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Article
March 25, 1983

Physician Attitudes Toward Applications of Computer Data Base Systems

Author Affiliations

From the Office of the President and Dean (Dr Chalmers) and the Departments of Medicine (Drs Sacks and Chalmers), Biomathematical Sciences (Dr Sacks), and Otolaryngology (Dr Lucente), Mount Sinai School of Medicine of the City University of New York (Dr Singer).

JAMA. 1983;249(12):1610-1614. doi:10.1001/jama.1983.03330360050035
Abstract

To determine the attitudes of internists and surgeons to problems in clinical information management and to the use of a computer data base, a survey of 529 internists and 487 otolaryngologists was conducted. The survey group consisted of a national distribution of academic physicians, private practitioners, and residents. Results of 296 completed questionnaires were analyzed for this report. More than one third of all responders were not satisfied with their ability to keep up with new developments; less than 10% were very satisfied. Ninety percent thought that a computer data base would improve their access to information in the literature, and 85% thought it would improve their practice of medicine. Among internists, randomized control trials (RCTs) were viewed as clearly the most useful source of data. Otolaryngologists indicated that RCTs and patient registries were both very helpful. Most physicians indicated significantly greater preference for literature summary and patient registry features over probability estimation capabilities of a computer data base. Sources of data to be incorporated into a successful data base would be different for systems designed for internists and otolaryngologists.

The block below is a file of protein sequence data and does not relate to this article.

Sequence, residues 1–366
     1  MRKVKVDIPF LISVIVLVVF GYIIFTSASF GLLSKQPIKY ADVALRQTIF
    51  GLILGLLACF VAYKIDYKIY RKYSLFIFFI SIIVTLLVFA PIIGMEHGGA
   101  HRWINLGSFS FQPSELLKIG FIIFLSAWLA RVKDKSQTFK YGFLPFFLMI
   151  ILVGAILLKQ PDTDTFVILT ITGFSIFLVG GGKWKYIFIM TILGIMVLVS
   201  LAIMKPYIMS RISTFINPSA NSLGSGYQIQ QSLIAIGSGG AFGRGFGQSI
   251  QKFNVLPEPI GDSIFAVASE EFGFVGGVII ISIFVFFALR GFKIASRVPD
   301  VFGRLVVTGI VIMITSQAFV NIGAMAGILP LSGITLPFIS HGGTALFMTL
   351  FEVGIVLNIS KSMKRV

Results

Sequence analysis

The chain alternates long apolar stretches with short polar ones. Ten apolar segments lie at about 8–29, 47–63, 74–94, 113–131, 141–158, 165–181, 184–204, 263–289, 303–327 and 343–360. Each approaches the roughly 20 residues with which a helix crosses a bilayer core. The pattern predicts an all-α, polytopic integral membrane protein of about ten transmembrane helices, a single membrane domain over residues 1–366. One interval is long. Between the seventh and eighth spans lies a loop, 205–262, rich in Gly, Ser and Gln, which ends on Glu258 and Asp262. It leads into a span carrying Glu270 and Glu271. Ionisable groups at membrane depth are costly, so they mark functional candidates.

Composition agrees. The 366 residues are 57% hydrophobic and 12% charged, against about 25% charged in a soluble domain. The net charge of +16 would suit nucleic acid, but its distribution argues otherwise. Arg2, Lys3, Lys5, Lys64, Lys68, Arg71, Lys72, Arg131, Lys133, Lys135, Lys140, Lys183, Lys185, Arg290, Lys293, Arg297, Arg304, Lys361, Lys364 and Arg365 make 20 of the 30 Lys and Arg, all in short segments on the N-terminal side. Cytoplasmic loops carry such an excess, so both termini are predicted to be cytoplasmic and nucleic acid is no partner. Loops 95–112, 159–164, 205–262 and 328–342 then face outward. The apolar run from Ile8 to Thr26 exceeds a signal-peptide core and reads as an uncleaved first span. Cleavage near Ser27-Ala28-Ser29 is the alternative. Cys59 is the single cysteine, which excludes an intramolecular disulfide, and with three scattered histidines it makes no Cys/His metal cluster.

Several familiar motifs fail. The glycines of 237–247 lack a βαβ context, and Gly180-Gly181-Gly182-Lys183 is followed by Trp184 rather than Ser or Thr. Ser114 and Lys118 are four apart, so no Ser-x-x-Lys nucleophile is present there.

(JAMA 1983;249:1610-1614)

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